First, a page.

- The Washington Times - Thursday, June 26, 2008

ANALYSIS/OPINION:

In 1978, Wayne and Jean Hage purchased a 7,000-acre ranch in Nevada. With the ranch they acquired grazing permits on large tracts of public land and rights to water diverted from some of those lands. In accordance with their grazing permits and pursuant to their state-recognized water rights, the Hages constructed a variety of improvements, including several miles of pipeline, 298 miles of fence and 634 miles of roads and trails.

For its part, the government authorized the Nevada Department of Wildlife to release elk onto the Hage grazing lands, fenced waters owned by Hage to exclude cattle (but not Elk who can jump fences), made 70 visits to the Hage ranch and sent 40 letters alleging a wide array of mostly minor infractions of regulations, refused to renew some of Mr. Hage’s grazing permits, prevented Mr. Hage from accessing public lands to maintain his water supply, prosecuted him (unsuccessfully) for trespass and twice impounded his cattle.

Mr. Hage filed a lawsuit in 1991 claiming his property rights had been taken without just compensation in contravention of the Fifth Amendment takings clause. Seventeen long years later, on June 6, the U.S. Court of Federal Claims decided the United States owes the estate of Wayne and Jean Hage $4.2 million. With interest and attorney’s fees the total government bill will be several times that amount, but still it is not a lot of money for a government eager to spend more than $300 million on a bridge to nowhere.

But paying what would have been a much lower price to purchase Mr. Hage’s rights in 1991 did not occur to the federal government. Instead it engaged in a 17-year legal battle that outlived the Hages. The government’s purpose in this marathon was to prove that the Hages did not have the property rights they claimed. Lest Mr. Hage, who could not afford the cost to redeem his cattle, take advantage of the government, the National Wildlife Federation, the Natural Resources Defense Council, the Nevada Wildlife Federation and the Sierra Club all weighed in as amici curiae in support of the government’s position.

There is no mystery why the nation’s leading environmental groups weighed in against the Hages. They find property rights and productive use of the land anathema to their antidevelopment, preservationist agenda. But shouldn’t we expect better of our government?



“It is a fundamental duty of government to protect, rather than to destroy, personal property,” wrote Court of Claims Judge Loren Smith. For good measure, Judge Smith quoted John Locke who wrote that “[w]henever the legislators endeavor to take away, and Destroy the Property of the People … they put themselves into a state of War with the People, who are there upon absolved from any further obedience.”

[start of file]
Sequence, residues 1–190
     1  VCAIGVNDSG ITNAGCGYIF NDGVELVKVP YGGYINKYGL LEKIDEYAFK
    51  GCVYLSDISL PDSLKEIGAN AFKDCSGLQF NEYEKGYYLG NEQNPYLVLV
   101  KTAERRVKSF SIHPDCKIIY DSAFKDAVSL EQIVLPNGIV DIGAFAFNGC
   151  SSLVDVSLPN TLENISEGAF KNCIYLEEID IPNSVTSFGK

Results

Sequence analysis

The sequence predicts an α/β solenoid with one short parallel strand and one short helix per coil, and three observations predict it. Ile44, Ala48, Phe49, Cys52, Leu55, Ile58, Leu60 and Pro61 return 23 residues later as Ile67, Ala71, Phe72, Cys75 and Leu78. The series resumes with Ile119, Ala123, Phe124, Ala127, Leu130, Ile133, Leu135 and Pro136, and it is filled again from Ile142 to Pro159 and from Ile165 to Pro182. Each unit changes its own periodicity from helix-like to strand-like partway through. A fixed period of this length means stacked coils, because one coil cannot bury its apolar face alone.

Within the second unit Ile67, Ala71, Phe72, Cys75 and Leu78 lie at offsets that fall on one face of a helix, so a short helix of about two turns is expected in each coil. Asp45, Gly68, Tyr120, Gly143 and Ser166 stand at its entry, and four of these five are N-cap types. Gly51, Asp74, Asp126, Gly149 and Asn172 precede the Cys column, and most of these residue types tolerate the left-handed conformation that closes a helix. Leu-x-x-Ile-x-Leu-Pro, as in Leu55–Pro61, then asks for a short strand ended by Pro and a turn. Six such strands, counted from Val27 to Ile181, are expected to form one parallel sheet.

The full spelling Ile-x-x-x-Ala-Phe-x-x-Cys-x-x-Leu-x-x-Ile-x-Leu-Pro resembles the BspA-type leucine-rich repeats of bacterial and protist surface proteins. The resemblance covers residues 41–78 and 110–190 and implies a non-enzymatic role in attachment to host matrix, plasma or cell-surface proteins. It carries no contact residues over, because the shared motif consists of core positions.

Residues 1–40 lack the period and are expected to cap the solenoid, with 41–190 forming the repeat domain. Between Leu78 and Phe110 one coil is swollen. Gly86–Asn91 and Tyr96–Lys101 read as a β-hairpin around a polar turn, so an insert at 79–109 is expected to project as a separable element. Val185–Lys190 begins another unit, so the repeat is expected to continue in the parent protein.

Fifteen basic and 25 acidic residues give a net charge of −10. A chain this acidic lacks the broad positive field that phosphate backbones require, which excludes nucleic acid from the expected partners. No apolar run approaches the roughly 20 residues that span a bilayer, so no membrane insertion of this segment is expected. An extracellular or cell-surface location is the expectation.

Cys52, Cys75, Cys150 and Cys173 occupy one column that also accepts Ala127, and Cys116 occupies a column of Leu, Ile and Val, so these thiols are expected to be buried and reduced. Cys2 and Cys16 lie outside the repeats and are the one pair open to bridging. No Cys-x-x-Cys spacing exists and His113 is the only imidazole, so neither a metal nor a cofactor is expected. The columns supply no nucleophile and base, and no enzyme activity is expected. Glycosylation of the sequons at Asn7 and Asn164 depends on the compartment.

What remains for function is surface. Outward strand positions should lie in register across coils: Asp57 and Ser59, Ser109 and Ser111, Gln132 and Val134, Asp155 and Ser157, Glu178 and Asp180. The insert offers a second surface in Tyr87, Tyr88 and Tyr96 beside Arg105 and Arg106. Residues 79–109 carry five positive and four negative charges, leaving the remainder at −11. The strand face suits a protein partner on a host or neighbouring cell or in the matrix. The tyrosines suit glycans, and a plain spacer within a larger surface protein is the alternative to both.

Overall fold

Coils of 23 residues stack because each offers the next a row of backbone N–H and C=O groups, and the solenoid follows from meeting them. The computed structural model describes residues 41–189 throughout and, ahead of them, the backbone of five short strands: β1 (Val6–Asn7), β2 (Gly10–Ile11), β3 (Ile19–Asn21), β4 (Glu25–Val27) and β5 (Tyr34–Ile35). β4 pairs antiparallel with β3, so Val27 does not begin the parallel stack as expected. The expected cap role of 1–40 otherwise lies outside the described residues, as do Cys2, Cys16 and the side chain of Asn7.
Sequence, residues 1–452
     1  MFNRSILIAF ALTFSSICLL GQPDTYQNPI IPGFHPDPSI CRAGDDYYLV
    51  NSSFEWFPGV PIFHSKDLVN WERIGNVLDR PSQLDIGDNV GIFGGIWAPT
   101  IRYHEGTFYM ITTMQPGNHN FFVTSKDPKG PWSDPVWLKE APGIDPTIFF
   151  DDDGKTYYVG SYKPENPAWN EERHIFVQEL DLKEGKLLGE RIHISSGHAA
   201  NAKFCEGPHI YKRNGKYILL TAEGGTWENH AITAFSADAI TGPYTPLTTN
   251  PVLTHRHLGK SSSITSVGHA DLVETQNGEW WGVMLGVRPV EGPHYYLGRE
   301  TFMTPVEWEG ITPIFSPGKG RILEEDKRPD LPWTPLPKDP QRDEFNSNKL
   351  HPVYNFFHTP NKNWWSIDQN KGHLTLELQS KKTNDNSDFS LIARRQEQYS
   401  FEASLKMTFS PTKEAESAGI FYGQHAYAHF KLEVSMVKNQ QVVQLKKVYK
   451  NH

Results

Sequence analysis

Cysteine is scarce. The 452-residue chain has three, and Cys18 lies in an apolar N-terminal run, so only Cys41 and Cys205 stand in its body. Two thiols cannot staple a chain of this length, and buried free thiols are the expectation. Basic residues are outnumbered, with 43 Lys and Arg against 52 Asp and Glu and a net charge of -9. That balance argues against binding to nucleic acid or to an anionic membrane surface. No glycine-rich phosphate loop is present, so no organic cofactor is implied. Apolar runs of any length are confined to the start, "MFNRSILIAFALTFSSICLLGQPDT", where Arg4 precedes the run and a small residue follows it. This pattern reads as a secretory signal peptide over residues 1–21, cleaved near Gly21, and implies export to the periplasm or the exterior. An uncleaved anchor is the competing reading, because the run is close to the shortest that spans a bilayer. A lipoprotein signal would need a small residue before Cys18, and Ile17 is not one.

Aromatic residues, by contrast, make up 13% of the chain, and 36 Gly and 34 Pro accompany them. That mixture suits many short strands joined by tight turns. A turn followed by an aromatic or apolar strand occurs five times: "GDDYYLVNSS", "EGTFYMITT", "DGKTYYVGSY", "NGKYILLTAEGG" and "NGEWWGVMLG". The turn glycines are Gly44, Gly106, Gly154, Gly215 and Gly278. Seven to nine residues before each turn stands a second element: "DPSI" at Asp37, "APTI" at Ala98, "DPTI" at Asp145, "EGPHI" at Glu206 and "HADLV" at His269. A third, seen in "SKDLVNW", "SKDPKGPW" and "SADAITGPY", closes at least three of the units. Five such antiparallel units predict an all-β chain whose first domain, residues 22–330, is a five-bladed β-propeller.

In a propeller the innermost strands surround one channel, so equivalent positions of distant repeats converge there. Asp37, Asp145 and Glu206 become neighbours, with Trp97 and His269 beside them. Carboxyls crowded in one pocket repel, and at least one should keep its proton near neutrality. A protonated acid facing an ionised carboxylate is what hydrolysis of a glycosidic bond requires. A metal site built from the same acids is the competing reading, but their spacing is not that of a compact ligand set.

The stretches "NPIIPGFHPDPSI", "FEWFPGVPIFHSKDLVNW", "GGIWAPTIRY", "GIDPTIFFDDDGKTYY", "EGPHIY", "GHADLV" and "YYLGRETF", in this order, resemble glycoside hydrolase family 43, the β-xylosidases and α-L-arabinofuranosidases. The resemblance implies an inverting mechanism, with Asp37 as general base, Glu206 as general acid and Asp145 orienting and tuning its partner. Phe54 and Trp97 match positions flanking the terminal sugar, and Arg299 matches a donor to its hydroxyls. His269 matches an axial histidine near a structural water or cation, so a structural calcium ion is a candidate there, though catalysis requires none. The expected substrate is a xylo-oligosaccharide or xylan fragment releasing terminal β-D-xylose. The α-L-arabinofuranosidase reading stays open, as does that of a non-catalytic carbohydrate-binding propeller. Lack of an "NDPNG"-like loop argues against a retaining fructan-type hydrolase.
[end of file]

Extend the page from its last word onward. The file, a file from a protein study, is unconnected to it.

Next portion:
And war it must have seemed to this family of Nevada cattle ranchers. But there was no absolution for the Hages who, like so many other elderly Americans, died while waiting and hoping that a court would enforce their constitutionally protected property rights. Of course, the battle over Hage’s property rights may not be over. There is every reason to assume the government will appeal the trial court judgment.

The Hage case is just one of many evidencing that modern American governments at every level have no sense of the duty of which Judge Smith wrote. Property rights and the constitutional mandate that compensation be paid when property is taken are viewed by governments as unfortunate obstacles to the pursuit of the public interest. There is little appreciation for the essential role of property rights to a thriving economy or to the fundamental liberties of American citizens.

Property rights advocates will celebrate this little victory, though sadly, the Hages are missing the party. Environmentalists, on the other hand, will assail the judge as a lackey of the propertied classes and the Hages as destroyers of the environment.

The rest of us, if we care about fairness and the rule of law, should appreciate Judge Smith’s decision for what it is - a careful, thoughtful, respectful application of the law, including the much maligned and often ignored takings clause of the Fifth Amendment.

James L. Huffman is Erskine Wood Sr. Professor of Law at the Lewis & Clark Law School in Portland, Ore., and a member of the Property Rights, Freedom and Prosperity Task Force at Stanford University’s Hoover Institution.

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